The Mortality Effects of Long-Term Exposure to Particulate Air Pollution in the United Kingdom

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1 The Mortality Effects of Long-Term Exposure to Particulate Air Pollution in the United Kingdom A report by the Committee on the Medical Effects of Air Pollutants

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3 The Mortality Effects of Long-Term Exposure to Particulate Air Pollution in the United Kingdom A report by the Committee on the Medical Effects of Air Pollutants Chairman: Professor J G Ayres Chairman of the Subgroup on Quantification of Air Pollution Risks II: J F Hurley

4 Crown Copyright 2010 Produced by the Health Protection Agency for the Committee on the Medical Effects of Air Pollutants ISBN

5 Foreword That air pollution impacts on health is in no doubt and indeed has been the driver for improvements in air quality worldwide. The size of this impact has, however, been more difficult to determine, the issue being complex and attended by degrees of uncertainty. Total mortality is the easiest endpoint to tackle, cause-specific mortality less so and morbidity (hospital admissions, symptoms and so on), frankly, difficult. COMEAP led the field in attempting to quantify the size of the health impact of air pollution with its first quantification report in 1998, limited though it was to quantifying the effects of short-term exposures to particles, sulphur dioxide and ozone on mortality and hospital admissions. At that stage we did not have sufficient information on the impact of long-term exposures to be able to quantify for the UK what we suspected to be a likely greater effect with any degree of certainty. Over the last three years COMEAP has again been grappling with this area, this time addressing the impact of longer term exposures. In 2009 COMEAP produced a report on the effects of long-term exposures on mortality which recommended that formal quantification of the effects of such long-term exposures should be undertaken. Over the last decade, other groups and researchers have attempted to do this both in terms of impact and burden reporting differing results. One of the reasons for these apparent differences is the way in which these effects are expressed and this has been a focus of this current insightful and challenging report, which addresses these issues in detail. The report more than matches earlier COMEAP reports in terms of its ability and willingness to tackle difficult areas and to move thinking forward rather than simply reiterating what is already known. As a consequence, I believe that this report will not only generate interest and stimulate discussion in the short term but will be used in the longer term as a starting point for further research and as a guide to policy development. Any report such as this represents many months of work; this is no exception. I am particularly grateful to Fintan Hurley for leading on this with such rigour and energy and to the Secretariat and Members of COMEAP, and the QUARK II subgroup of COMEAP, who have contributed their time so generously. This is the work of a truly independent, truly expert group and a remarkable example of all that is good in providing scientific advice to Government. I look forward to seeing how this is received and how the report itself impacts on policy development and consequent cleaner air in the UK. Professor Jon Ayres Chairman of the Committee on the Medical Effects of Air Pollutants iii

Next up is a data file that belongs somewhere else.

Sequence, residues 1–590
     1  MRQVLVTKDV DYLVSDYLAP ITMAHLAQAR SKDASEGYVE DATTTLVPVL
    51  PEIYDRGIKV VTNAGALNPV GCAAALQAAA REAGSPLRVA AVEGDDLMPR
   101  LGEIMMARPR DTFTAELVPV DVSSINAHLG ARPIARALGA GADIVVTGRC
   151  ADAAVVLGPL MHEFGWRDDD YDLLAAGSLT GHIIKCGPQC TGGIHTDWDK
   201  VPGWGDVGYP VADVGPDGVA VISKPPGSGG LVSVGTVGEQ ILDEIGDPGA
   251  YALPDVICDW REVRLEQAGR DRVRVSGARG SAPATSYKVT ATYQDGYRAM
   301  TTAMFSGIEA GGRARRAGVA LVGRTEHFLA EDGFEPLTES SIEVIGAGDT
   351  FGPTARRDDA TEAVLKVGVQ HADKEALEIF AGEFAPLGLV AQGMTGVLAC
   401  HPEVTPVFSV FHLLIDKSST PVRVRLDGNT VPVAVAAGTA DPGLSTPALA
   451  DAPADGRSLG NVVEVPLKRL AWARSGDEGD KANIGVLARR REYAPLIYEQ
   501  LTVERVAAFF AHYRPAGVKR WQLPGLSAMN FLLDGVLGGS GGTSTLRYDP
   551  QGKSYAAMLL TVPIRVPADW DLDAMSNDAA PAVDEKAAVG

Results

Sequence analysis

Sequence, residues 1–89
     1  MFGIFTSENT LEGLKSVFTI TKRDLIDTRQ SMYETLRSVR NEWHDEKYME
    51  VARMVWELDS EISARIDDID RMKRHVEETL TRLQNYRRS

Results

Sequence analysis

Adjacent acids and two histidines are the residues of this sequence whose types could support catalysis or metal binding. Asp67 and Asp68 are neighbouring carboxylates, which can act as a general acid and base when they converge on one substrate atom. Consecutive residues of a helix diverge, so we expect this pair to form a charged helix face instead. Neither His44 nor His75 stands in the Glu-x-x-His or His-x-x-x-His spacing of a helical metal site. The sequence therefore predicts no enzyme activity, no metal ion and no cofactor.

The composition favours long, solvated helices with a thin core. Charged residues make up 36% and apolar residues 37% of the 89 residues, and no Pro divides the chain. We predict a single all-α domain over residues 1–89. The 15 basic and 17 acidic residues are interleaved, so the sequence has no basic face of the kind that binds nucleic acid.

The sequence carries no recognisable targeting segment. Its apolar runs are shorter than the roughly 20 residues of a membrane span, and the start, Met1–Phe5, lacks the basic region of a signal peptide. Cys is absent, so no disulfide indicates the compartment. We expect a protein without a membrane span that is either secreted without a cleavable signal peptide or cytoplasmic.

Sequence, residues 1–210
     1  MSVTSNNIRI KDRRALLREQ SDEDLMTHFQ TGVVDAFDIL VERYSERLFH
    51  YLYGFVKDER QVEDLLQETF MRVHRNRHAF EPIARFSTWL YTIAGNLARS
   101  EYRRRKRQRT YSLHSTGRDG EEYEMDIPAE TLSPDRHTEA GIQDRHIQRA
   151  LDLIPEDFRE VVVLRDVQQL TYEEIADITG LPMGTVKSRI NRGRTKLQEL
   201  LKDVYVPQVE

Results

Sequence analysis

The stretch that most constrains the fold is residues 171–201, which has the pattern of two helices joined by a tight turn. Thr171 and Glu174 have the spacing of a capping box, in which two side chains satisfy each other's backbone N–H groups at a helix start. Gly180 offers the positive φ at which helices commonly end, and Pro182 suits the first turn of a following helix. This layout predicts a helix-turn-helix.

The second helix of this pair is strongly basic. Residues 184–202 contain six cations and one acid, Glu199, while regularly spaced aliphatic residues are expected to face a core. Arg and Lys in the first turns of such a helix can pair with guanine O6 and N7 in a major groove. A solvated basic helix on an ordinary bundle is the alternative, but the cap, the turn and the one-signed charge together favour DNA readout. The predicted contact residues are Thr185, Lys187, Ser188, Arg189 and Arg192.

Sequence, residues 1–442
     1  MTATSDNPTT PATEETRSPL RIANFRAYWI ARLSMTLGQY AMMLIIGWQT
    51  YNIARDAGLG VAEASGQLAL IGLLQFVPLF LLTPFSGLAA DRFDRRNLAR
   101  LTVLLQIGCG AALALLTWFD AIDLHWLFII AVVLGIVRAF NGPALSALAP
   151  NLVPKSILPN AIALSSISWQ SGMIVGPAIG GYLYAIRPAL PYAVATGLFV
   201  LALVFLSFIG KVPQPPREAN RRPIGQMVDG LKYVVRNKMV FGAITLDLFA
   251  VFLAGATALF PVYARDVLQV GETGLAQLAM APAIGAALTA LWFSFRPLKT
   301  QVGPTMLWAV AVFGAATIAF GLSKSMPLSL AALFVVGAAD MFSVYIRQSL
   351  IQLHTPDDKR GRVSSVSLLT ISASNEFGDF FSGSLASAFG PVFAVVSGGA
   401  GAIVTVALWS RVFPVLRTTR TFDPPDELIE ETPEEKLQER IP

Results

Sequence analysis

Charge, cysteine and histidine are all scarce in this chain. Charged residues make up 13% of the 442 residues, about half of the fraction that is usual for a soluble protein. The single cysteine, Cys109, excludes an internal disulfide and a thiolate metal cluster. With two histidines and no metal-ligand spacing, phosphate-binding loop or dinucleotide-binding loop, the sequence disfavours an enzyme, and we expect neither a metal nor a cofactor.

6 Acknowledgements The modelling of ambient PM 2.5 concentrations by AEA Technology was funded by Defra and the Devolved Administrations within the UK Ambient Air Quality Assessment Contract. The calculations of impact and burden of anthropogenic PM 2.5 and some of the drafting within this report as carried out by the Institute of Occupational Medicine was funded by the Department of Health. iv

7 Contents Foreword iii Acknowledgements iv Executive Summary 1 1 Introduction Context, scope and purpose of this report The detailed questions we propose to answer Structure of the report 12 Part I Questions about Impact of Pollution Reduction 13 2 Basic Concepts: Impact Questions 15 What Happens to Deaths and Life Expectancy when Death Rates are Reduced 2.1 Introduction: how mortality impacts are described Core concepts of mortality and survival analysis a more technical description Inputs to the calculations Outputs of the calculations life-table differences between baseline and impacted scenarios Distribution of impacts over time 26 3 Specification of the Impact Calculation Calculations and parameters Pollution reductions 33 4 Results of the Impact Calculations Main results Sensitivity analyses impact or benefit questions 41 5 Discussion of Impact Calculation Validity of the metrics used Uncertainties in the results Impact or benefit of reductions in anthropogenic PM 2.5 methodological issues 50 v